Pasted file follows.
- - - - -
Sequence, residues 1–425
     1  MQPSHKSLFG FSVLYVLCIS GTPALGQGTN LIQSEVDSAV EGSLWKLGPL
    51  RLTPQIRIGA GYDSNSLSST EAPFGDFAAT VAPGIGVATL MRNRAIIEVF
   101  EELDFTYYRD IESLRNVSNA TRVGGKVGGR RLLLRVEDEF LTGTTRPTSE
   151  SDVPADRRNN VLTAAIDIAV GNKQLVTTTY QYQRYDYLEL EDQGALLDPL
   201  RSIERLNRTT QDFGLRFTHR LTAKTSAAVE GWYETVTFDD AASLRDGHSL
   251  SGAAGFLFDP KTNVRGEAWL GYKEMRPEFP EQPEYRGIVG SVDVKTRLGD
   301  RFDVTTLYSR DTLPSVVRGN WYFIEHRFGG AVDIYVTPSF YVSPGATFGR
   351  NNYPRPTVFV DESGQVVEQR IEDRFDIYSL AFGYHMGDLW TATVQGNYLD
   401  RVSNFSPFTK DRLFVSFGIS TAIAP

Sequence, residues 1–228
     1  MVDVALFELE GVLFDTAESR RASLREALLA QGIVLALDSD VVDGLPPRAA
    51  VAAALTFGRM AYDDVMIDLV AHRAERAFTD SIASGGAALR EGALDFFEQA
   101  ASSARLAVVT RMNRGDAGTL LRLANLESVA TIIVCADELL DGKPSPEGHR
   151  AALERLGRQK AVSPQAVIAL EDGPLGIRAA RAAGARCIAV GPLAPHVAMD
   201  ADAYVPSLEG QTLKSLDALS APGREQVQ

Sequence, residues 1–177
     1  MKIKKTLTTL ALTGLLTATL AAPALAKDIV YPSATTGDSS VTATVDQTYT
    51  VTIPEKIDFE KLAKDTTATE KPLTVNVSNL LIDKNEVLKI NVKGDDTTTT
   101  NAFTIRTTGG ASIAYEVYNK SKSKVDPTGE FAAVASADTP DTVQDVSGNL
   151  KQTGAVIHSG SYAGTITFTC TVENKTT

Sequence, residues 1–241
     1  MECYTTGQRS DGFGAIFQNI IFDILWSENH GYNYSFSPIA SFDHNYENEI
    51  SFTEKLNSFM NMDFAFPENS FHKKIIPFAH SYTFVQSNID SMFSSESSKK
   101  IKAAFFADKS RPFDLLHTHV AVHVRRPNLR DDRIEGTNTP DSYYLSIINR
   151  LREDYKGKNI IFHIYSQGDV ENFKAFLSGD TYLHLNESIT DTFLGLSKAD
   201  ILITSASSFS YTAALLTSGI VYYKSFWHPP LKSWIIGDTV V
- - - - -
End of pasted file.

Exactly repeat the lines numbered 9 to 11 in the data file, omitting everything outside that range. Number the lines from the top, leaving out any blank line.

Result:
   351  NNYPRPTVFV DESGQVVEQR IEDRFDIYSL AFGYHMGDLW TATVQGNYLD
   401  RVSNFSPFTK DRLFVSFGIS TAIAP

Sequence, residues 1–228